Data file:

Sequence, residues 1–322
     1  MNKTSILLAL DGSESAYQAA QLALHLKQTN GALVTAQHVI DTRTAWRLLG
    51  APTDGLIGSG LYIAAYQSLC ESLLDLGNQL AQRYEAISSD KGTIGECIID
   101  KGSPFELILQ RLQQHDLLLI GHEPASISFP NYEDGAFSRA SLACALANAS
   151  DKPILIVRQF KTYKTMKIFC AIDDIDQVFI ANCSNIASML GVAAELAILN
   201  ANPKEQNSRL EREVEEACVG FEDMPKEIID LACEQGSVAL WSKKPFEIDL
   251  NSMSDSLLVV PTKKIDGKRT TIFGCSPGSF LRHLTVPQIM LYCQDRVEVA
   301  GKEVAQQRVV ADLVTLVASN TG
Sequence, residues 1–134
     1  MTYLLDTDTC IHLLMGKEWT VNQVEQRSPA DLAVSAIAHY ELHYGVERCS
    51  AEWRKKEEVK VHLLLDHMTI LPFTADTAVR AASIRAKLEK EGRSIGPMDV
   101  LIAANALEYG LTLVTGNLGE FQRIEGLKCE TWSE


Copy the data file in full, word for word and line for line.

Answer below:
Sequence, residues 1–322
     1  MNKTSILLAL DGSESAYQAA QLALHLKQTN GALVTAQHVI DTRTAWRLLG
    51  APTDGLIGSG LYIAAYQSLC ESLLDLGNQL AQRYEAISSD KGTIGECIID
   101  KGSPFELILQ RLQQHDLLLI GHEPASISFP NYEDGAFSRA SLACALANAS
   151  DKPILIVRQF KTYKTMKIFC AIDDIDQVFI ANCSNIASML GVAAELAILN
   201  ANPKEQNSRL EREVEEACVG FEDMPKEIID LACEQGSVAL WSKKPFEIDL
   251  NSMSDSLLVV PTKKIDGKRT TIFGCSPGSF LRHLTVPQIM LYCQDRVEVA
   301  GKEVAQQRVV ADLVTLVASN TG
Sequence, residues 1–134
     1  MTYLLDTDTC IHLLMGKEWT VNQVEQRSPA DLAVSAIAHY ELHYGVERCS
    51  AEWRKKEEVK VHLLLDHMTI LPFTADTAVR AASIRAKLEK EGRSIGPMDV
   101  LIAANALEYG LTLVTGNLGE FQRIEGLKCE TWSE